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Title: Foliar potassium fertilization of muskmelons on calcareous soils in south Texas: Effects on yield and quality

item Lester, Gene

Submitted to: Meeting Proceedings
Publication Type: Proceedings
Publication Acceptance Date: 2/3/2009
Publication Date: 2/24/2009
Citation: Jifon, J.L., Lester, G.E. 2009. Foliar potassium fertilization of muskmelons on calcareous soils in south Texas: Effects on yield and quality. Proceedings of the Annual Conference of the Fluid Fertilizer Foundation, February 15-17, 2009, Scottsdale, Arizona. 26:130-137.

Interpretive Summary:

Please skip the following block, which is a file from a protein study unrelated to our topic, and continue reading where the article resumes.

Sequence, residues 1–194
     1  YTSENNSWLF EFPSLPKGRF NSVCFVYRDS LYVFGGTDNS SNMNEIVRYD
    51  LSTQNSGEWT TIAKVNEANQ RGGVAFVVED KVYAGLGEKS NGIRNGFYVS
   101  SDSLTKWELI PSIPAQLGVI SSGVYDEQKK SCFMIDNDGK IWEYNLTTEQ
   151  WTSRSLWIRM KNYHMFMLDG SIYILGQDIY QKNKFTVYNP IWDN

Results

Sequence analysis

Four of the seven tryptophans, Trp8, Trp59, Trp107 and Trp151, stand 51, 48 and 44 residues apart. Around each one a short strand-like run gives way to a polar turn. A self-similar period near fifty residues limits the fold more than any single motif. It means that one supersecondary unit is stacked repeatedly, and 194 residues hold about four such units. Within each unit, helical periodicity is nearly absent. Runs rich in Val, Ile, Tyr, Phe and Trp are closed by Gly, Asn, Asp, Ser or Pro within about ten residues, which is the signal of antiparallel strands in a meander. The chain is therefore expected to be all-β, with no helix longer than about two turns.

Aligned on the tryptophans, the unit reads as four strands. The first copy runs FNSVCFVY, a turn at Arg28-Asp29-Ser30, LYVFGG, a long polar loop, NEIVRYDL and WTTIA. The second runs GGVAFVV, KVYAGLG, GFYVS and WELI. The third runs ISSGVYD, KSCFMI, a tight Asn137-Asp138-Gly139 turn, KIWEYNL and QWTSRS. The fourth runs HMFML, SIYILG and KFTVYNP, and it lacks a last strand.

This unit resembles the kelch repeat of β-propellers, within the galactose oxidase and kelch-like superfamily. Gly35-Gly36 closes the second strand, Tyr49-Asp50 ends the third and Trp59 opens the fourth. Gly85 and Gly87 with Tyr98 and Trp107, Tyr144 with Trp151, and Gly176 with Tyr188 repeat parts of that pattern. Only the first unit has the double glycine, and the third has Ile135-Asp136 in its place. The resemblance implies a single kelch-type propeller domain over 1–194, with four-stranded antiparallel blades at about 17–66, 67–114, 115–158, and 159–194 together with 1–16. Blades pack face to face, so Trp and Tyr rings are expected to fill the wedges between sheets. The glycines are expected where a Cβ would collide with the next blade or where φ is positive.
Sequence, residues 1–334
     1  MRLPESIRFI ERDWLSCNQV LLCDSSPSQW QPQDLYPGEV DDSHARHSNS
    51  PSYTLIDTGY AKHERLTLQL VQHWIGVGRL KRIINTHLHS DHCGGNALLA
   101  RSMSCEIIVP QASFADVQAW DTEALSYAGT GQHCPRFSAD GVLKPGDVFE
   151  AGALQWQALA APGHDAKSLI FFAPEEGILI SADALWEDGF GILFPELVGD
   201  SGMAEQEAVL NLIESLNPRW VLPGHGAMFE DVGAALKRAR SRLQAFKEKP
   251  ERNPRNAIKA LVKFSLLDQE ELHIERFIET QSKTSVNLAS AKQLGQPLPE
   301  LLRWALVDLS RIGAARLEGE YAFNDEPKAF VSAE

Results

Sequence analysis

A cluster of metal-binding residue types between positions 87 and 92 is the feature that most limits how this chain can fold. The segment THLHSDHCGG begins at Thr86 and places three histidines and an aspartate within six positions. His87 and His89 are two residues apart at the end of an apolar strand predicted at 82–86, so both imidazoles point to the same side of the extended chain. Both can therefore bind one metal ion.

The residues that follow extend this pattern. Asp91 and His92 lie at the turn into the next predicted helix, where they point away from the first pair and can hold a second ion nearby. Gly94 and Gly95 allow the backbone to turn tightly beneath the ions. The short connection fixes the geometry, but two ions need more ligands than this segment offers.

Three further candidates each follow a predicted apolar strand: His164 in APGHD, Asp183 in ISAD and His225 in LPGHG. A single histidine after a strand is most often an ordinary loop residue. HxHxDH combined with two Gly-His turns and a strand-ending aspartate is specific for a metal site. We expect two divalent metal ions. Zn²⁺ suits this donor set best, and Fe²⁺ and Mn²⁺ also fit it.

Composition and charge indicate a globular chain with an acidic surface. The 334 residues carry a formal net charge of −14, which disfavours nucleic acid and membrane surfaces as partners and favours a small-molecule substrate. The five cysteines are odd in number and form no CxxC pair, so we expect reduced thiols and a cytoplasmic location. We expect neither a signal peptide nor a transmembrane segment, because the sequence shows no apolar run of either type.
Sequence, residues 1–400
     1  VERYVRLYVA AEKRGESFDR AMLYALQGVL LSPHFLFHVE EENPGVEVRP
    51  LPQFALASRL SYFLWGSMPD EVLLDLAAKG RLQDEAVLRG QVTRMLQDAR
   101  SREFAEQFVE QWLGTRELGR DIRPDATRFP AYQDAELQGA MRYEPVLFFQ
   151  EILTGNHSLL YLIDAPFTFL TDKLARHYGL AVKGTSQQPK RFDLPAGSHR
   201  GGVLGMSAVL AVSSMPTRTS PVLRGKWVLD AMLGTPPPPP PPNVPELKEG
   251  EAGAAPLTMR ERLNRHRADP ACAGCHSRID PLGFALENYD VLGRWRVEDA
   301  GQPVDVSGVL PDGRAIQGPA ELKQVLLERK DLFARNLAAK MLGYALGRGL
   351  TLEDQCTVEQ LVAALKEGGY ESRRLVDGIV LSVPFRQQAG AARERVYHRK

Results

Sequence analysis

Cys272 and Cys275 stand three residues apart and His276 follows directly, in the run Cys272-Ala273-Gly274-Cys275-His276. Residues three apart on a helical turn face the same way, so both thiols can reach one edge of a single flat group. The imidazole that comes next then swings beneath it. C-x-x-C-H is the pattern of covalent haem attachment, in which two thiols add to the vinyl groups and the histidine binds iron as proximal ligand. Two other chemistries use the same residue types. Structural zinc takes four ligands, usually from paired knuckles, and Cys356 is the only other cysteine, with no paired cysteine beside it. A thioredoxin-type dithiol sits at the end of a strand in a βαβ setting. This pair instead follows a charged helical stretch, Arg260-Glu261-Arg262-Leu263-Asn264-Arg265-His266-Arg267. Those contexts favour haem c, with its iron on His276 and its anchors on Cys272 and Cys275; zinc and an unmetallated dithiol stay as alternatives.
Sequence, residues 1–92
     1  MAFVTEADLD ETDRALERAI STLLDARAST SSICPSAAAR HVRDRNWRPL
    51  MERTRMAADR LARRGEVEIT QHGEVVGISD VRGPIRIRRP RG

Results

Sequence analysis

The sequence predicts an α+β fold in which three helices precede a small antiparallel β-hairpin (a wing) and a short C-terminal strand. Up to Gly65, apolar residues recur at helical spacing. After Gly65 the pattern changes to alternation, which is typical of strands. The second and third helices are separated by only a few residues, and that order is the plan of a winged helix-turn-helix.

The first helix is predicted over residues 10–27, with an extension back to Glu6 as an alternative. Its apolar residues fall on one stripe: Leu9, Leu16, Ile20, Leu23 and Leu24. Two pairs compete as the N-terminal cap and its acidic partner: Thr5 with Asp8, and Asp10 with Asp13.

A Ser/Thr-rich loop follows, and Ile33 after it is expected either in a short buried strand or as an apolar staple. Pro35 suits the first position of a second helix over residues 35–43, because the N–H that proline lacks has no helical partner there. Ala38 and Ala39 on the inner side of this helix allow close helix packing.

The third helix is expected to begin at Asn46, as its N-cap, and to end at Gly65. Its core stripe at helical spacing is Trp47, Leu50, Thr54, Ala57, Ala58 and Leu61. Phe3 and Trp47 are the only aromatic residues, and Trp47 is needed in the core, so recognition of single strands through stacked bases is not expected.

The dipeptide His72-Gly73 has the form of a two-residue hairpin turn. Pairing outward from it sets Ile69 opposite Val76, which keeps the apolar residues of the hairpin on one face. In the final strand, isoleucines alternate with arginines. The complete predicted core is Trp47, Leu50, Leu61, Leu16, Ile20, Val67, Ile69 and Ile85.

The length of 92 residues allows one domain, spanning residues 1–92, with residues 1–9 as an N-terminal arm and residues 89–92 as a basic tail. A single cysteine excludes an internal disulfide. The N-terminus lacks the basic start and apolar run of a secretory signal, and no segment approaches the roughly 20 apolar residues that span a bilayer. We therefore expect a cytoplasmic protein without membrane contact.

Technical Abstract: Among the essential plant nutrients, potassium (K) has the strongest influence on crop quality parameters. However, many soil and plant factors often limit adequate soil K uptake to satisfy plant requirements during fruit development stages. The objectives of this multiyear field study were to determine if this apparent K deficiency and the associated fruit quality problems can be alleviated by supplementing soil-derived K with foliar K nutrition and whether differences exist among K salts for foliar feeding. Even though pre-plant soil K concentrations were high, foliar K treatments resulted in higher plant tissue K concentrations, suggesting that K uptake from the soil solution was not sufficient to satisfy plant requirements. Fruits from treatments receiving foliar K had higher soluble solids, concentrations, total sugars, and bioactive compounds (ascorbic acid and B-carotene). Among the different K salts, KNO(3) consistently resulted in non-significant effects on fruit quality compared to control treatments. Yields were significantly affected by these late-season foliar K treatments only in one year (2007) with unfavorable growing conditions, and potentially due to increased stress tolerance associated with adequate K nutrition. The results demonstrate that carefully-timed foliar K nutrition can improve muskmelon fruit quality by alleviating the apparent K deficiency during fruit development. The data also reveal differences among potential foliar K salts and suggest a reassessment of K management strategies aimed at improving fruit quality.